Catholic University students create silent sanctuary
After two years, dozens of architecture students will see their plans for a silent sanctuary become reality this summer.
The sound of hammers is ringing in the woods behind D.C.'s Franciscan Monastery.
"This type of site doesn't exist in an urban environment," said project manager Patrick Keeney.
By July, it will be a sanctuary for silence.
“Sometimes people go to mountains to find silence or go to the ocean. Well, we're right here,” said Father Jeremy Harrington, Guardian of the Franciscan Monastery of the Holy Land.
Commissioned by the monastery, students of the Catholic University of America designed D.C.'s first hermitage—a tiny home where anyone of any faith will have the chance to vacation in solitude.
"It's just a very healthy thing to do, no matter what faith you are,” said Father Harrington.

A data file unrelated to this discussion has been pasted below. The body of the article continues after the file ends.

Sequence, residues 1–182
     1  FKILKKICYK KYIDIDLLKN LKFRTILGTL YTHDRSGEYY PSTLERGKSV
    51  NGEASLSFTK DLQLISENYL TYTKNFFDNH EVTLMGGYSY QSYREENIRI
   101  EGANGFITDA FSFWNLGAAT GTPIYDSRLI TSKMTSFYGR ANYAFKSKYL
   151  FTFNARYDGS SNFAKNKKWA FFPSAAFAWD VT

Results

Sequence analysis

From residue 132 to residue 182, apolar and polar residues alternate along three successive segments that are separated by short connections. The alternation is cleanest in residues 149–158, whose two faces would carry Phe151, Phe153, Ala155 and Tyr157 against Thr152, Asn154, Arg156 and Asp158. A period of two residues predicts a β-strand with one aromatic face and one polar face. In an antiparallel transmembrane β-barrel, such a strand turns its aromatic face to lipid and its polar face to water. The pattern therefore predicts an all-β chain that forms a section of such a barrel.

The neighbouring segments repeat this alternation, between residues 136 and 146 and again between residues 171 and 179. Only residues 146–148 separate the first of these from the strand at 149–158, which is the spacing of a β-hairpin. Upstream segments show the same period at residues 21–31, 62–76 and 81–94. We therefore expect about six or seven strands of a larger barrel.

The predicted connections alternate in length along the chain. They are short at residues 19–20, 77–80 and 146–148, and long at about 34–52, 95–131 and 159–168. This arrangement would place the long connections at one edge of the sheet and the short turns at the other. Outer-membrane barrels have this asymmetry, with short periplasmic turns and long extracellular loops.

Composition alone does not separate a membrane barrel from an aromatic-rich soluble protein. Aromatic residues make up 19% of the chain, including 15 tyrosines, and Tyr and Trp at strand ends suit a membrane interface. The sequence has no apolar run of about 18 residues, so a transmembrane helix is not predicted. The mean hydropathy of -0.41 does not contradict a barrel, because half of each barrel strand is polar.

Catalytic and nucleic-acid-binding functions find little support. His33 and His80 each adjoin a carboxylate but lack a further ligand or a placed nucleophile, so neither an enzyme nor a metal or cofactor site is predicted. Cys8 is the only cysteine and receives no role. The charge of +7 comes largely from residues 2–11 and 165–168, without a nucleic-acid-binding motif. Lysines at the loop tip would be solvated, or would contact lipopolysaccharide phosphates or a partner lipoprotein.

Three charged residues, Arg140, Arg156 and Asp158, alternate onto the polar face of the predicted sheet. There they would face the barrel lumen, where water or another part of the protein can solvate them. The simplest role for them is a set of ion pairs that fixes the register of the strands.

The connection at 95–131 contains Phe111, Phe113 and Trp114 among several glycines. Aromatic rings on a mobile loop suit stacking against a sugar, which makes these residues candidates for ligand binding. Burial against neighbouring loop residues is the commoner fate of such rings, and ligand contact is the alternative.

It's the first of four of hermitages that the students designed.
And for an architecture student, actually seeing the fruits of their labor is something most architecture students never see.
“A number of us came back to the construction site—it’s really a once in a lifetime opportunity for an architecture student,” Keeney said.
The monastery will serve as a quiet reminder of what students can accomplish.
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